There was a straight-forward objective sitting behind the work that resulted in the recent report presented at Gleneagles on simplified advice. The team was aware of the work on simple products and was keen to see a way to promote investments and a wider range of protection products than the suite proposed by the redoubtable Carol Sergeant.
As Carol’s recommended products are to be so simple as to avoid the need for any advice, the group felt there will remain a yawning gap between those and the products and advice likely to be available in the post-RDR advice world.
Whether on a restricted or independent basis, most offerings will be considered expensive to access, therefore needing sophisticated solutions.
Keeping in mind the work by Ron Sandler, the basic advice regime, Mifid in its current and future incarnations and the thoughts in IMD II and Prips, the group tried to work within the possible.
It is also important to frame this against the social issues of a pensions time-bomb, the recognised saving and protection gap and the loss of mass-market advice to middle income groups by the closure of the tied advice arms of most of the major banks.
I consider it crucial that the industry embraces and supports the current simple products proposals and also works to get an effective Money Advice Service that genuinely engages and impels consumers to take some action. These are 10-year programmes that we should not be deflected from. The industry needs to engage to shape the solution, not stand on the side-lines criticising.
In developing the basic advice plus concept, this was not an attempt to subvert the RDR. It is a genuine desire to provide a bridge between non-advised and the new QCF level four, fee only world. Commission will remain for protection and should be capable of being earned against approved transparent investment solutions.
This will be a very limited solution so a demarcation line from the benefits of a fee-based advice process needs to be tangible. Also as the “Plus” world would require a QCF level three competence, it raises the bar from the unqualified world of basic today, and provides a bridge to deliver the advisers of the future at the more senior level.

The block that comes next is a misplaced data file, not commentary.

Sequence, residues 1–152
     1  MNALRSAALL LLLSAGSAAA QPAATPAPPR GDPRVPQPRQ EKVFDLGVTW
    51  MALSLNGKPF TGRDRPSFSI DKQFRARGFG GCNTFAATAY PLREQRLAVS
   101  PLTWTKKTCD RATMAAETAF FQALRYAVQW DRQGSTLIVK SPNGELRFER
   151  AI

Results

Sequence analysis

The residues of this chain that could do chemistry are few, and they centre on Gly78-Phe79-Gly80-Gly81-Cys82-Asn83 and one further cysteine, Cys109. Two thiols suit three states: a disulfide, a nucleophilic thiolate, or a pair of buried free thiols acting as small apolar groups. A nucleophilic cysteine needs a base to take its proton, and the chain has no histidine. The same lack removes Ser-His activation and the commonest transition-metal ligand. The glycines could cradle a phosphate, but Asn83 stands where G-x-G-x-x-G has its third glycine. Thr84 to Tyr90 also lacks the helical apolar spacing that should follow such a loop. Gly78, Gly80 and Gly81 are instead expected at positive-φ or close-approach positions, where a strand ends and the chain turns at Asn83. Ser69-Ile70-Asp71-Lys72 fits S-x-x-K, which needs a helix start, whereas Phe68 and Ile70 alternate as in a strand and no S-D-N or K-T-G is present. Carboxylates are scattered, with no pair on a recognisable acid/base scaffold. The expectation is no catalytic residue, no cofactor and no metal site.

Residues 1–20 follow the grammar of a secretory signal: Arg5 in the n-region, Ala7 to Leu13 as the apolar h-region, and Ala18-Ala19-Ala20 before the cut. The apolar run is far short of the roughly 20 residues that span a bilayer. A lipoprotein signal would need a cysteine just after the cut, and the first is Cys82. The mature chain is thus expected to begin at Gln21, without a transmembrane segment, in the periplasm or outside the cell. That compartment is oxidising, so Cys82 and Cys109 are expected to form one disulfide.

However it might also allow mortgage advisers who choose this route to provide more holistic solutions to a broader population.
They key to unlocking some of these potentials is an open mind. If we wait for our regulators to open doors for us then opportunity will evaporate. The industry must define what it sees as transparent and standardised products. It needs to evolve an approval scheme within its own control.
Perhaps we need to learn from what SHIP did for equity release. It then needs to persuade politicians and the machinery of government (the Treasury) that this is effective and workable. Badged products that compete on price and service, not on features or performance. Approved sales processes that level three qualified staff can use to deliver what the customer needs and wants.
Whether it be the Government, regulators or industry, we need to stop hiding behind Europe, the ombudsman or professional indemnity insurers and be brave enough to do what we all know is right for consumers and for the country. With that approach we may begin to get an industry that the public will begin trusting again.
Robert Sinclair is director of the Association of Mortgage Intermediaries